How netflix’s lost in space goes old-school to find the future – cnet gas vs electric oven efficiency

##

To that end, we definitely geared more towards almost old-school mechanical switches rather than touchscreens that you might have on your smartphone now. Because these days, as you know, technology will fail. If anything, in our show things will break and go wrong.

So we wanted the technologies to reflect the fact that it’d have to be prepared for anything to go wrong, so we almost had an old-fashioned view of technology. The ISS and the space shuttle had a lot of older technology on board because it was more stable. The last thing you want to have in space is having your computer crash, because then everybody dies.

Sharpless: You know, there’s a moment in the first episode where Penny has a smartphone from Earth and it’s packed with photos and memories and books. Our thought was now that everybody has a smartphone on Earth, that’s probably something we don’t think is ever going to change, right?

The wrist computers you see them have, what we tried to do is think of what would you want if you were going to be in an action situation, so we were inspired by some of the stuff we’ve seen in outdoor magazines such as Popular Mechanics and to give it sort of an outdoorlike, going-to-Everest kind of things the mountaineers used.

Our outdoor tent also had sort of a rugged look, in the color orange and stuff. We wanted to give that sense of adventure and survival gear. You see a lot of outdoor gear for our tent. Our Chariots are all based on what we would see today but they have electric engines and solar power. But the insides, the controls are very much what we see today.

Matt Sazama: Yes we did. Which it turns out is very difficult to have them run properly. The Chariots were built from scratch from the ground up. We did not use an existing car or a chassis or anything. We learned that car companies actually take many years and many rounds of R&D to make a car and we’ve built ours in a matter of months. We did have some challenges in filming it but they were pretty amazing machines.

Sharpless: The cast didn’t get to drive that much so what you see on screen is not them driving but stunt drivers because they’re too fast. A lot of the shots you did see were the real Chariots. We did have a few shots that were digital, but a lot of what you see is real.

Sharpless: We used science as a starting place for every idea on what the Robinsons confronted. What we wanted to do was to keep the show relatable enough on sort of a ground level. So the audience could enjoy that sort of "what would I do" question. After all, you know the show hearkens back to the Swiss Family Robinson, right? So there’s something kind of fun about trying to figure out what would you do in that situation.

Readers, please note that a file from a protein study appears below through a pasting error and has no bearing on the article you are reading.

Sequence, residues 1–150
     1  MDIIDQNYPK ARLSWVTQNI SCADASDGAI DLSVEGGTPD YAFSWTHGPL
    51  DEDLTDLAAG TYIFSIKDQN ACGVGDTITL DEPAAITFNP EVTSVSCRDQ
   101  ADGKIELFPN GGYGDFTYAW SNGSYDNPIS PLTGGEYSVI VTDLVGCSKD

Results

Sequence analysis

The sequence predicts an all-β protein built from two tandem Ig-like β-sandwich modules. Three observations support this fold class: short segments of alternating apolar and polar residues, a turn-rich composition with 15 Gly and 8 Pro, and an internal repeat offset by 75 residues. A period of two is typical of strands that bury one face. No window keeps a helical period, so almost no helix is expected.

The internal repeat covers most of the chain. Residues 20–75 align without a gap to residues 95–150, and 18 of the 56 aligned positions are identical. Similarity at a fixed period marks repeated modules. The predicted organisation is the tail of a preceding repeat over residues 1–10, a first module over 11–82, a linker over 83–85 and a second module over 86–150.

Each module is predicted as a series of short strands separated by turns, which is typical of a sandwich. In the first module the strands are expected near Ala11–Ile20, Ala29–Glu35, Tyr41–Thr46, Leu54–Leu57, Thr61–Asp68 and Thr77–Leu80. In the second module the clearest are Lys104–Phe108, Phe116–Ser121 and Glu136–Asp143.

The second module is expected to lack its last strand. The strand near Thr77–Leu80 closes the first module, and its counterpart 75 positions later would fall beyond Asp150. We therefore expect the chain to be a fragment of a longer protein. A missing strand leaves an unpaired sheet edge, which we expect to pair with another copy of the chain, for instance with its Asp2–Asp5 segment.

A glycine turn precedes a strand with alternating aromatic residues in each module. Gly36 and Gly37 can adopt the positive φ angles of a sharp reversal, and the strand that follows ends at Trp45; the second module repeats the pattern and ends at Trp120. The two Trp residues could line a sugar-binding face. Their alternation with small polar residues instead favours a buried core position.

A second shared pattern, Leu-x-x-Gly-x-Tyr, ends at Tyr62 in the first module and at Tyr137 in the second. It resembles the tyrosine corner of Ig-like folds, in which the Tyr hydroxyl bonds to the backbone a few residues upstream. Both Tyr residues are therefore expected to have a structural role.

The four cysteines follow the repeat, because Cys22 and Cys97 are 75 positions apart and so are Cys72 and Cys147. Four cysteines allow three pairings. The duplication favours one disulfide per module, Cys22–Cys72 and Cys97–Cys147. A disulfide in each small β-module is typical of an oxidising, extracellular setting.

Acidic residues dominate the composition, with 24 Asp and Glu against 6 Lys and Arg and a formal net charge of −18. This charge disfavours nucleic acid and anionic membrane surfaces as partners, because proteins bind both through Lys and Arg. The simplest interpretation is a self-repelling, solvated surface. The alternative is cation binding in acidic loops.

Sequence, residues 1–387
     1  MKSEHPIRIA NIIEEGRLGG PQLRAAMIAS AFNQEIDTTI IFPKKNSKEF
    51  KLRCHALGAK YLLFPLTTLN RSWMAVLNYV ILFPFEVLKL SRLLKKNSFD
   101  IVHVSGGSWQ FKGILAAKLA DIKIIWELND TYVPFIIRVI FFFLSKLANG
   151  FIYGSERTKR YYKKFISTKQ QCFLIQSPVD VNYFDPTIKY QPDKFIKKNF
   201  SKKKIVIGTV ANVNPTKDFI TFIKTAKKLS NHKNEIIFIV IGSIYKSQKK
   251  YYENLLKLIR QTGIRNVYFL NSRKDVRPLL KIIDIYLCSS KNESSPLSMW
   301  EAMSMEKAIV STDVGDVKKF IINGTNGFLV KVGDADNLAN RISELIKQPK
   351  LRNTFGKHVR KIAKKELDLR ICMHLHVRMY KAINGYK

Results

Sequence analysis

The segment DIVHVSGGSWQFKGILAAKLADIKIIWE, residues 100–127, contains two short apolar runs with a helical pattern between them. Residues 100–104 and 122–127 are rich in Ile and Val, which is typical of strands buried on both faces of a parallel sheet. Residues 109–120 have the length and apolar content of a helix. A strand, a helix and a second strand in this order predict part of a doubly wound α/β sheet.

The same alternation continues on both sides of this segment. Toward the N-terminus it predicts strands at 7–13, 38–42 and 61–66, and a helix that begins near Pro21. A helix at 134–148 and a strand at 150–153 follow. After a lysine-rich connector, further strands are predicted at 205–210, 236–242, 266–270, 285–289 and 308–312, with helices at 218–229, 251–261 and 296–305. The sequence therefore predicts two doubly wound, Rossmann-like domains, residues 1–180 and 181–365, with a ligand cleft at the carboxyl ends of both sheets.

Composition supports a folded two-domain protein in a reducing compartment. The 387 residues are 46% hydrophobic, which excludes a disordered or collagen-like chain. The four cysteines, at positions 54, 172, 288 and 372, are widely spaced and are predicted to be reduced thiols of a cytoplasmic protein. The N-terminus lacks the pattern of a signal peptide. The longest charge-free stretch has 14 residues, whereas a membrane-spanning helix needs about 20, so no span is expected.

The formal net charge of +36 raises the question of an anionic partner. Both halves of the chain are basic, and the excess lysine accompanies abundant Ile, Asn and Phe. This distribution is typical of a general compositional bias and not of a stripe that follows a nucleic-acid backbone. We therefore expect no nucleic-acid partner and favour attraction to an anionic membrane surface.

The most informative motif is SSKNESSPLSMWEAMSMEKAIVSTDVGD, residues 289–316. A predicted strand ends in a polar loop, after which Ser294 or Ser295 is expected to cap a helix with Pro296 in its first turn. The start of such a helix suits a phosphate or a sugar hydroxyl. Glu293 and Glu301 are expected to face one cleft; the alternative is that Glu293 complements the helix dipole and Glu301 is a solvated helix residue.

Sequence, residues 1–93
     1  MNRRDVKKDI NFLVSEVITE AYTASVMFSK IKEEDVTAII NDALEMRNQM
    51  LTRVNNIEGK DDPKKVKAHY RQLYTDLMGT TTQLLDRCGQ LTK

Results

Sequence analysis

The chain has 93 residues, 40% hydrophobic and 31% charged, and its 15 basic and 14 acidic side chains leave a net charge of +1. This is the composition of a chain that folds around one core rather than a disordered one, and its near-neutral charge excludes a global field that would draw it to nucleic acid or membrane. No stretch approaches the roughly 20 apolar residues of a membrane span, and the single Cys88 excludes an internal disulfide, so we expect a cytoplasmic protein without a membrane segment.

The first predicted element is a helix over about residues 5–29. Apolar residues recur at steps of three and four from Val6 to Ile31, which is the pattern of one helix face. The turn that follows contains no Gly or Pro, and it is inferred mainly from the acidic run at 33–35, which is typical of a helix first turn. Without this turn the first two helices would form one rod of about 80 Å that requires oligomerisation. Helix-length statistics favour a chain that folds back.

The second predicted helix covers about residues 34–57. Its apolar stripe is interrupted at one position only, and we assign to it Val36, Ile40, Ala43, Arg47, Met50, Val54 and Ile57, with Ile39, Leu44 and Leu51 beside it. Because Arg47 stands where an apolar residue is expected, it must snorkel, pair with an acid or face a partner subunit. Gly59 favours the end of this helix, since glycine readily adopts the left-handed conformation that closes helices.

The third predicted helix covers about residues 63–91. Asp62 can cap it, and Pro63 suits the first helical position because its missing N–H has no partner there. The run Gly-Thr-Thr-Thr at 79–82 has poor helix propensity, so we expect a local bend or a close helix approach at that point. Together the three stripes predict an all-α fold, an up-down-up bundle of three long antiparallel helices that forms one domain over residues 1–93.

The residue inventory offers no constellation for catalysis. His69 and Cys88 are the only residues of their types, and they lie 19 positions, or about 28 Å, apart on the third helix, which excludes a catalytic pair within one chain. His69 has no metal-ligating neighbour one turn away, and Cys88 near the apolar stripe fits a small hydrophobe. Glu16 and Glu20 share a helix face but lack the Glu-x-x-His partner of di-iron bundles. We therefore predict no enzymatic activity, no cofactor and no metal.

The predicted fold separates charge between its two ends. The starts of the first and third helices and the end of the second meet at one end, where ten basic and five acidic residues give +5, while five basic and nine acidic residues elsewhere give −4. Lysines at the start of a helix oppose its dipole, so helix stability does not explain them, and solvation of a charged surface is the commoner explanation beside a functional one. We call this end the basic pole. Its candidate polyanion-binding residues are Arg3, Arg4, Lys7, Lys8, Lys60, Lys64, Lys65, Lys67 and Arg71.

To actually bring an audience into that is to start with real science, so certainly it has to be something that we knew about, we had read about, we were excited about. And we designed it kind of what like we thought that would be a version of that 30 years in the future.

Other things, and I know that this isn’t exactly tech, but the stuff about the black hole being in the rotation around the sun and a binary black hole system, that’s based on things that astronomers believe actually exists and so these are the things we can sort of go through in the show.

Sharpless: Part of making a show like this is finding that sort of intercession between the pleasure of the audience and the science. And the Jupiter was ultimately a spacecraft that was designed for a callback to the original and to fulfill sort of like the fun and the needs of a family.

So, obviously, the Jupiter would fly just fine in space. The way in which it launches, the VTOL [vertical take-off and landing] aspect is definitely not the way an astrophysicist would envision it. However, we will say that in episode eight, the sequence with the destruction of venting engines, all of the business of trying to make a ship lighter, and all of the business of the different kinds of methane-based fuels that they used, well we need quite a bit of research for that. I think we used to jump back to the older NASA days to create a fun experience for the audience.

The idea was that Jupiters were kinda like campers, that even every family would take their Jupiter and at the end of a journey, would become the centerpiece of their homestead. This is why the ships have the pop-outs and extend out to make their ship a little bigger. Think of them as space Winnebagos.

Sazama: We felt like asking audiences to believe that the Robinsons and Earth in 2046 had interstellar travel was too big of a jump, and now that everybody has watched the show, you can see that we didn’t go there. The ability to travel quickly is an interstellar matter and actually is a big science fiction leap like you might see in 2001: A Space Odyssey.

It’s definitely well beyond our ability, particularly the "alien engine" that you see in episode 10. While it’s not magic, the science that it’s using it is so far beyond humans that it’s very hard for us to understand. It’s also a bit of a nod to the book and movie of Contact, if we’re to come in contact with really mind-boggling alien technology, that’s how it would be.

Sharpless: Also in the show, we’ve used gravity as one of those things to differentiate between a thing that human technology could achieve in 30 years and something that’s way beyond anything that we could do probably in 300 years, so you have to look to aliens for help.